But I digress, I’ve wagered on about it at Transit Slueth a million times.

    The other point, and I really stand by that finding, is the fact that people are generally clueless as to how roads are actually paid for. i.e. The MASSIVE subsidies that the roads require.

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  • iknowurider November 19, 2009 at 11:56 am

    Right on Adron!

    Most who ride bicycles also drive. Therefore maybe we should also ask, What is the value of their cars? How much do they spend on gas? How many miles do cyclists drive?

    My guess is the taxes they pay on the car, auto registration, and gas pay their fare share of the transportation infrastructure costs.

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  • iknowurider November 19, 2009 at 11:56 am

    Right on Adron!

    Most who ride bicycles also drive. Therefore maybe we should also ask, What is the value of their cars? How much do they spend on gas? How many miles do cyclists drive?

    My guess is the taxes they pay on the car, auto registration, and gas pay their fare share of the transportation infrastructure costs.

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  • El Biciclero November 19, 2009 at 12:10 pm

    I think we would have to have a “road tax” before anyone could pay it.

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  • Ross November 19, 2009 at 1:00 pm

    Is there a website or reliable source that shows how bike lanes/infrastructure is funded? I’ve always wanted to see this so that I can have others refer to it to help clear up the confusion.

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  • Kt November 19, 2009 at 1:02 pm

    Wait– Did I read that right? The ad is still running on the trains?

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  • h4x354x0r November 19, 2009 at 1:06 pm

    Bicyclists are expressly excluded from using about 46,000 miles of US Interstate highways. Those highways have cost, to date, nearly a Trillion dollars to build and maintain. Guess how much money has been collected from gasoline taxes that have gone to the DOT? About the same.

    So you want bicyclists to be excluded from roads that have been paid for with gas taxes? Your wish has been granted!

    The people who want cyclists to pay road taxes think we’re getting a free ride – enjoying infrastructure paid for by gas taxes. That assumption is false. Dollar for dollar, cyclists are not allowed to use the roads that gas taxes have paid for. The rest of the public infrastructure is paid for mostly by sales taxes which cyclists pay for about the same as motorists.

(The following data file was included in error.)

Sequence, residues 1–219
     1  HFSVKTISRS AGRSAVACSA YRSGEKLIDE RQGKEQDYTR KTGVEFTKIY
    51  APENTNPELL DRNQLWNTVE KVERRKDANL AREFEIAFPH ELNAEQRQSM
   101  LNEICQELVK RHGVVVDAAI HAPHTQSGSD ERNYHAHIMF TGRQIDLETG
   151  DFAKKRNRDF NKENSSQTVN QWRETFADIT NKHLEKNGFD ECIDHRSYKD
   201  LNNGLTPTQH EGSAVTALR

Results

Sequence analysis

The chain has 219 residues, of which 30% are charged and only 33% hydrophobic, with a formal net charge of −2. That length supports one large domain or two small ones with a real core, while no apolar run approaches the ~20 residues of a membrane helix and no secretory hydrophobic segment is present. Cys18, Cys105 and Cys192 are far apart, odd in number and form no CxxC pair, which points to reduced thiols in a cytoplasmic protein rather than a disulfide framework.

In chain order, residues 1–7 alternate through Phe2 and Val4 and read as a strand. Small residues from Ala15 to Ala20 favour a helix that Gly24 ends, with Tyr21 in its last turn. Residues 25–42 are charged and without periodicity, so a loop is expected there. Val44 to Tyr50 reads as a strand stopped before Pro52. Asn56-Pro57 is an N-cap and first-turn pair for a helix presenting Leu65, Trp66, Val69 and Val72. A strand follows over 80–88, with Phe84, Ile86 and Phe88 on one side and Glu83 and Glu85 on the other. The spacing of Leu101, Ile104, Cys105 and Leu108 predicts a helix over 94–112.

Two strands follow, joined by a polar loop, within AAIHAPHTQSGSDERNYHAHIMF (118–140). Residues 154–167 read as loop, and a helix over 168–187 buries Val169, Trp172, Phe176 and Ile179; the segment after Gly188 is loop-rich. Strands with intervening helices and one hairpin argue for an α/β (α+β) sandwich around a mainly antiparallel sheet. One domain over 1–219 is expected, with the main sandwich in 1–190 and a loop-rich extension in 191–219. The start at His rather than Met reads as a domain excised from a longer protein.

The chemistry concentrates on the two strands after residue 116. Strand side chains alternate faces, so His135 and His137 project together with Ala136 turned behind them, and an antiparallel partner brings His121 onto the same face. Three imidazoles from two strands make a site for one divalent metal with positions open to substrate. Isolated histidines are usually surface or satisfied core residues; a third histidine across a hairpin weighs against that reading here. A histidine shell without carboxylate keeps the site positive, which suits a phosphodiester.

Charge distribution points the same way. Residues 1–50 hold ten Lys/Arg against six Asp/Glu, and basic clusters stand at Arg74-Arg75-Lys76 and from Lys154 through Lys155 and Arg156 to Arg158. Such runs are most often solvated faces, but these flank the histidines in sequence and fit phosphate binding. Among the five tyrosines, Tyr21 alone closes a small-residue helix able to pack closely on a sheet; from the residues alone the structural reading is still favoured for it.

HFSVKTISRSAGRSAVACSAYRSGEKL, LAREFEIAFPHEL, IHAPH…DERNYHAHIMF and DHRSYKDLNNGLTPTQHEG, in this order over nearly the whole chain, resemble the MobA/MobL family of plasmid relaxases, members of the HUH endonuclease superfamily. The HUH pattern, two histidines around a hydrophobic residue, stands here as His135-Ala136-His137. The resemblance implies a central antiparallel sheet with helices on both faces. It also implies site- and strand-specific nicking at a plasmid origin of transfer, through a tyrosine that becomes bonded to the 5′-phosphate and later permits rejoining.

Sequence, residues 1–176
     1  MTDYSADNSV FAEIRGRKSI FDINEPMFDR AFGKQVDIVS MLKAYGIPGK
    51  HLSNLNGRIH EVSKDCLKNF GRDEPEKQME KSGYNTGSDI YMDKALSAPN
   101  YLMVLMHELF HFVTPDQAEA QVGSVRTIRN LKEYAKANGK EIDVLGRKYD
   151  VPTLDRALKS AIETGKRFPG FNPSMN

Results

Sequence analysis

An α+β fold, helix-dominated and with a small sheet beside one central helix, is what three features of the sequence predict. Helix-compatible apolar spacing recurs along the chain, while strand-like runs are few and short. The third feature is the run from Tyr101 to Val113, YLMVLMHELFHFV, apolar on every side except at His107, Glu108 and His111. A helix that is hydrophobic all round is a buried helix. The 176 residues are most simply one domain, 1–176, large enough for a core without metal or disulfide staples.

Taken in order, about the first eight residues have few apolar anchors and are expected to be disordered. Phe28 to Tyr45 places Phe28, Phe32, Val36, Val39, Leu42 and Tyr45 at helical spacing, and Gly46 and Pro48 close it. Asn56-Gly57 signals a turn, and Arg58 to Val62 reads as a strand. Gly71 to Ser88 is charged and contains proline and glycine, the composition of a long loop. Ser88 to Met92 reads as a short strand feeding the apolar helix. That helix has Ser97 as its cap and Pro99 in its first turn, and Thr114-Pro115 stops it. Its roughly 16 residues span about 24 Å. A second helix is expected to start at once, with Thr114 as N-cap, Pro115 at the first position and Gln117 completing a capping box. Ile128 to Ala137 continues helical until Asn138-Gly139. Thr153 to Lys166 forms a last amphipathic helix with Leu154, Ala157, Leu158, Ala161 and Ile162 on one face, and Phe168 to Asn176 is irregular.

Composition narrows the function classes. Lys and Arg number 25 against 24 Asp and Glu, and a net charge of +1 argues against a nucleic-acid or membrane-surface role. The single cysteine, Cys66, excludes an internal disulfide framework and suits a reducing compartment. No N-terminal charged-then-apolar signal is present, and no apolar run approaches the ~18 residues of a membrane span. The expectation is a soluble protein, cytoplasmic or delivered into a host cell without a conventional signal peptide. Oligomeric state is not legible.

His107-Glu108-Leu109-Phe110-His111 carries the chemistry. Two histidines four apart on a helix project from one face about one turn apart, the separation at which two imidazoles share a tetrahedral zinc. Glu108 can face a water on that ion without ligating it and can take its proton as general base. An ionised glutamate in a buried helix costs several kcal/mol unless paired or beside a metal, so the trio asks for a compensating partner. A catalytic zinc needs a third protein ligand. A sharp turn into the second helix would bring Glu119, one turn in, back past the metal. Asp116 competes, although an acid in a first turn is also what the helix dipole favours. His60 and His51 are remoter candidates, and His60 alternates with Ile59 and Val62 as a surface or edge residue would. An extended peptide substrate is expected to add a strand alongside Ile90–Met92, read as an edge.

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  • dan November 19, 2009 at 1:22 pm

    LOL @ #2′s call to “BOYCOTT WEBTRENDS.” Kind of like a call to action on a consumer website to “BOYCOTT SAP”.

    How many of the people reading this are actually in a position to boycott Webtrends?

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  • Donna November 19, 2009 at 1:34 pm

    If the BTA would conduct a comprehensive study of exactly how much of tax money above and beyond the gas tax goes to fund roads in this state, what percentage of the total roads/highways budget is paid for by the gas tax, and how the rest of said budget is funded, etc., I would rejoin at my previous level. If it was something they would also heavily publicize, I’d rejoin at an increased level.

    If some other organization did this, I’d go and support them.

    The only way we’re going to put this “cyclist don’t pay for roads” crap to rest is via cold, hard numbers. Sure, there will always be something else, but I am tired of this topic and of constantly being accused of “not paying taxes” because I ride a bicycle. (God, I wish.)

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  • Unzipped November 19, 2009 at 1:57 pm

    One day, at work, I looked down and noticed my fly was down. I had been in numerous meetings that morning and was concerned that everyone must have noticed or seen “things” they wish they hadn’t, but not said anything to me. In a panic, after zipping up my fly, I sent out an email to everyone in my dept apologizing and promising to “zip up my pants before I participated in meetings.” This statement was misinterpreted and many lewd comments were sent around in reply-all fashion. I replied with my own reply-all followup, only making the situation worse and leading to more inappropriate comments. In the end, I realized that every time I tried to get involved to explain things, I was making the situation worse.

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  • joe November 19, 2009 at 2:09 pm

    I was wondering whether any of this would be followed up on. thanks!